People on social media quickly started expressing their concern over how emaciated the former prime minister looked:

Putting the ‘Sharing’ Back in to the Sharing Economy

A vibrant debate is beginning to question the meaning of sharing in relation to the big questions of our time.

by Adam Parsons
RINF Alternative News
In recent years, a new kind of economy based on the age-old practice of sharing is flourishing across North America and Europe, and is now rapidly spreading in popularity throughout the Middle East and other world regions. Human beings may have shared since time immemorial, but information technology and peer-to-peer networks have given rise to an innovative trend in modern societies – the sharing economy, which enables people to ‘share’ various goods and services with their peers in everything from cars and bikes to food, office space, spare rooms, even time and expertise. Countless articles and reports have now evaluated the many social and economic benefits of accessing rather than owning resources, while many proponents of the sharing economy uphold the potential of sharing as a social change strategy and ‘a call to action for environmentalists’. Indeed a growing chorus of pioneers within this self-professed social movement hail it as an approaching transformation of society on a par with the industrial revolution, and ‘the defining economic story of the 21st century’.
The business community may be enthusing about the immense market size and profitabilityof the big corporate players that espouse sharing as part of their brand identity, but not everyone is convinced that the sharing economy is living up to its visionary rhetoric and aspirations. Far from promoting communitarian values, providing an answer to overconsumption or increasing social equity, for example, a growing number of critics attest that sharing-oriented business models are taking us in the opposite direction – such as byundercutting unionised labour, benefitting from unfair competition, encouraging de-regulated and precarious employment, and even by robbing cities of vital public money. Many people are also questioning whether these new business ventures have co-opted or subverted the original conception of community-based sharing, considering that they charge money for a service and are effectively renting skills or assets. So is the sharing economy really a ‘dumb term that deserves to die’, or does this moment of hyperbole give us reason to pause and consider what sharing actually means in relation to the big questions of our time?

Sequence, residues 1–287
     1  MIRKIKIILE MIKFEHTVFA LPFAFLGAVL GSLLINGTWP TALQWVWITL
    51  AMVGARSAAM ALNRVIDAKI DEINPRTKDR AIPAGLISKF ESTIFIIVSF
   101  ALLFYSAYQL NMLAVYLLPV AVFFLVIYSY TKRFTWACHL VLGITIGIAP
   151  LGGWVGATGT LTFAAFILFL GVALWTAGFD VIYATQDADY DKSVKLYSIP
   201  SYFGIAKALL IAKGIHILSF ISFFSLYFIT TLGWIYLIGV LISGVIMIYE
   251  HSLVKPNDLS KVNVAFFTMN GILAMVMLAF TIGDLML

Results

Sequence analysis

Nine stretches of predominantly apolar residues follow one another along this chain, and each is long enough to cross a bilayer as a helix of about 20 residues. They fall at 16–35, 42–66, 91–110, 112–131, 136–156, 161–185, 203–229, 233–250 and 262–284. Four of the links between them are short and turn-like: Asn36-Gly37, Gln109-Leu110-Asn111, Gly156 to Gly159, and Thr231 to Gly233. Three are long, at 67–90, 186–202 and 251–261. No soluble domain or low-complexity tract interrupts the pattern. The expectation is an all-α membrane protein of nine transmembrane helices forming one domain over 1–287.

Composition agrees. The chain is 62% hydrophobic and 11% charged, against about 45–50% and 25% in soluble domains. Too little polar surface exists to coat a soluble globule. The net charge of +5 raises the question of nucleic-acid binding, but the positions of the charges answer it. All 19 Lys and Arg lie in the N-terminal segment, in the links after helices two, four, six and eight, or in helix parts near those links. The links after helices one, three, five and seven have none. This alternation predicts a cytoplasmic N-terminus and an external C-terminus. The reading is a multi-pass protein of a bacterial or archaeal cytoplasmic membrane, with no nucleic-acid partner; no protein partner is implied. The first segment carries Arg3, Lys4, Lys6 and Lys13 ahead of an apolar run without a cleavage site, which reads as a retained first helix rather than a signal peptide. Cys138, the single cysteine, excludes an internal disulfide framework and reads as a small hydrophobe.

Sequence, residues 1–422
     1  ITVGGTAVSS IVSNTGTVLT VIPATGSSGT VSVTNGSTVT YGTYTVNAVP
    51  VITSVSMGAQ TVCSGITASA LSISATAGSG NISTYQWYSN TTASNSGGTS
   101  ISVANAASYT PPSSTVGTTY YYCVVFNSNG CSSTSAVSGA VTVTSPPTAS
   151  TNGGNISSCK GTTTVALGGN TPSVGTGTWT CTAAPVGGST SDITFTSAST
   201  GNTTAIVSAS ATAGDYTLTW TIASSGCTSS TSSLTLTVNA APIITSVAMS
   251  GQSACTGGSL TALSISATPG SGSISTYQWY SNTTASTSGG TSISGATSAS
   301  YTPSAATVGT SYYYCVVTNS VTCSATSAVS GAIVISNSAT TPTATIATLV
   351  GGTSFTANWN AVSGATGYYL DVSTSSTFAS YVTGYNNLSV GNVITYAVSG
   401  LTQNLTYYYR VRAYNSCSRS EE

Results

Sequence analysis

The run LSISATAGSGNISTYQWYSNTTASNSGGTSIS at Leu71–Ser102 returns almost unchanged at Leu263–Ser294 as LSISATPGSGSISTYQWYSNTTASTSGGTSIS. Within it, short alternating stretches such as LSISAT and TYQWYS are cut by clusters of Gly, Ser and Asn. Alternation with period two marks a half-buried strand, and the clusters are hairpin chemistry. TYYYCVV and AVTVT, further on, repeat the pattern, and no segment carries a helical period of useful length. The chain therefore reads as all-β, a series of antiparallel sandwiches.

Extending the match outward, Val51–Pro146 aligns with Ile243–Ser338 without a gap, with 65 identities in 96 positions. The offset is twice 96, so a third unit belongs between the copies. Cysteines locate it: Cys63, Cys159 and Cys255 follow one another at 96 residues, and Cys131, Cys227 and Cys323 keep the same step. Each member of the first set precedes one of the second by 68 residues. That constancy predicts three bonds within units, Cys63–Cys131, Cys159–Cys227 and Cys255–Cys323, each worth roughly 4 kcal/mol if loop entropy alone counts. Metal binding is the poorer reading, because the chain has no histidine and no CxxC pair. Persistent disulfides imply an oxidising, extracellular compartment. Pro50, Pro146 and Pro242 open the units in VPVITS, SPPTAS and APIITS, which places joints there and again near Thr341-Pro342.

Rolling back the commercialisation of everything
A key critique of the sharing economy concerns the question of whether sharing should or can be commercialised. The essential dynamic of for-profit enterprise is to marketise formerly non-economic spheres of life, which is no different in the Internet-enabled sharing economy than in the dominant corporate sector. Hence many progressives are questioning whether the kind of ‘disruption’ that these new tech start-ups represent is really providing a solution to social and economic problems, or rather deepening a pernicious trend of ‘the commercialisation of everything’. For example, is renting one’s apartment (on Airbnb), swapping designer clothes (on ReFashioner), or loaning out your garden (on campinmygarden) a way of extracting value from unused assets and enhancing social relations, or is it a more efficient way for businesses to turn us into self-interested consumers and commercially exploit us? By monetising our skills, personal belongings and community activities, the line between the market and non-market worlds is increasingly blurred and intermeshed, in which case collaborative consumption and for-profit sharing is arguablyreinforcing the values of consumer capitalist society. At the very least, commercial sharing platforms cannot be fully inclusive if they cater only to the more affluent consumers who can afford to participate.